The research group of Associate Professor Ryuichi Tatsumi clarified that the semaphorin 3A (Sema3A) ligand, which is secreted from resident myogenic stem satellite cells exclusively at the early-differentiation phase, impacts fatigue-resistant muscle fiber (slow-twitch fiber) generation through a signaling pathway: cell-membrane receptor (neuropilin2-plexinA3) → myogenin (and its cooperating regulators MEF2D/HDAC7) → slow myosin.
“We anticipate that fatigue-resistant fiber generation can be enhanced with agonists of the cell-membrane receptor (other than Sema3A), which have been already found in food ingredients as a promising natural agonist,” says Tatsumi.
This work on stem-cell biology has major implications for developing novel strategies in health sciences for promoting slow-twitch fiber expression in humans to combat sarcopenia and promote muscle endurance, and importantly for strategies to sustain food security through meat-animal production.
This research achievement was published on May 7, 2017 (US Eastern Standard Time), in the online edition of STEM CELLS (AlphaMed Press, Durham, NC, US).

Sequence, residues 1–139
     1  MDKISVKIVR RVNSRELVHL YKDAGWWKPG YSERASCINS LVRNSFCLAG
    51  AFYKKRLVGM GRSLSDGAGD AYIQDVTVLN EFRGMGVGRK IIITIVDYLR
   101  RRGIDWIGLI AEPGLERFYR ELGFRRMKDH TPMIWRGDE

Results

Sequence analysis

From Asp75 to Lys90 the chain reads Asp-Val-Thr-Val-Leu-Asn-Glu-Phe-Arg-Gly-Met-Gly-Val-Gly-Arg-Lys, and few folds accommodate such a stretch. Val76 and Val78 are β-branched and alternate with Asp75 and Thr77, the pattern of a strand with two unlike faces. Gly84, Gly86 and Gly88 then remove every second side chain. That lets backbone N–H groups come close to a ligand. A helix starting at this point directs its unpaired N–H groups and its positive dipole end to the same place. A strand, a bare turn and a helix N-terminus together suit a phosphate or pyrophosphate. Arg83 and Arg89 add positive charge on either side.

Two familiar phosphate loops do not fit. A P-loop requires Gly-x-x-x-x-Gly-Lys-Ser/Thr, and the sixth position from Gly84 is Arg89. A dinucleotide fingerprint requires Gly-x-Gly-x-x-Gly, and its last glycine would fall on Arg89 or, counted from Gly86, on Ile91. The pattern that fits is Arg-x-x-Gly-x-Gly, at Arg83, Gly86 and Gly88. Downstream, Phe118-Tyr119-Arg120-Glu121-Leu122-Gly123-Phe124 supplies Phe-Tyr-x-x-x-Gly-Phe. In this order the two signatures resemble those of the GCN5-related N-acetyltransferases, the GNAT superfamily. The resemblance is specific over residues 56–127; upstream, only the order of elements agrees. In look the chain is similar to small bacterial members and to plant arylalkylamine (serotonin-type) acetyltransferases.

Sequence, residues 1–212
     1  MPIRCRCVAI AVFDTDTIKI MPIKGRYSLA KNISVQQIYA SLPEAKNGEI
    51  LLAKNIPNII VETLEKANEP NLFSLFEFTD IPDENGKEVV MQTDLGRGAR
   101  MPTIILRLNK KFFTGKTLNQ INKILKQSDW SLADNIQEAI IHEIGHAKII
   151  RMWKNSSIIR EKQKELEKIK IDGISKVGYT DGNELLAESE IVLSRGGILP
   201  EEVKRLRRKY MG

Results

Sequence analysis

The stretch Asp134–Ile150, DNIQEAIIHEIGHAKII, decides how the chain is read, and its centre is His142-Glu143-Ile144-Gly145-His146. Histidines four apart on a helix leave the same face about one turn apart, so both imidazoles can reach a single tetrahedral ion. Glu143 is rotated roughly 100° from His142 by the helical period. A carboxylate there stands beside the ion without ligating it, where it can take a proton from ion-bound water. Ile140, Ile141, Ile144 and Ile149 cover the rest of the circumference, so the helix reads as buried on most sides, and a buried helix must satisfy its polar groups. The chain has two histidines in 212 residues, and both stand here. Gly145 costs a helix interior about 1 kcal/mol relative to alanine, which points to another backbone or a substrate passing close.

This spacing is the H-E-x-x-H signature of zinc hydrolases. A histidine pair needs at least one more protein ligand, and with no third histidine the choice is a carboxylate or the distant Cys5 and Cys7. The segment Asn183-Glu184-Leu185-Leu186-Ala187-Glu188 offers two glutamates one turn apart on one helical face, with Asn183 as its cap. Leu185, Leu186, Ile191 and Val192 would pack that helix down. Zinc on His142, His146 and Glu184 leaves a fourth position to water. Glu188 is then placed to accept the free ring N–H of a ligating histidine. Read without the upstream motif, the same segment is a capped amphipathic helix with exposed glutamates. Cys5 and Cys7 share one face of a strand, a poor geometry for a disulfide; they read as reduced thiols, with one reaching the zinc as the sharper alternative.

For more information about this research, see Slow-Myofiber Commitment by Semaphorin 3A Secreted from Myogenic Stem Cells. DOI: 10.1002/anie.201507022R1
A model for a Sema3A-driven “commitment mechanism” to impact fatigue-resistant fiber (slow-twitch fiber) generation.
◆ Sema3A ligand is secreted from resident myogenic stem satellite cells exclusively at the early-differentiation phase (myofiber-formation phase).
◆ Sema3A binds to cell-membrane receptor neuropilin2-plexinA3 complex to impact slow-twitch fiber commitment through a signaling axis including myogenin, MEF2D, HDAC7, and slow myosin (red line).
◆ The model includes additional elements to suppress fast-myosin expression and hence enhance fatigue-resistant fiber formation (blue dashed-lines, projected from both neuropilin2-plexinA3 and neuropilin1-plexinA1, A2).
◆ It may be possible that food ingredients having agonistic activity of the receptor neuropilin2-plexinA3 can enhance the generation of fatigue-resistant fibers.
(Left)Assoc Prof. Mako Nakamura, Prof. Ryuichi Tatsumi, and Assist Prof. Wataru Mizunoya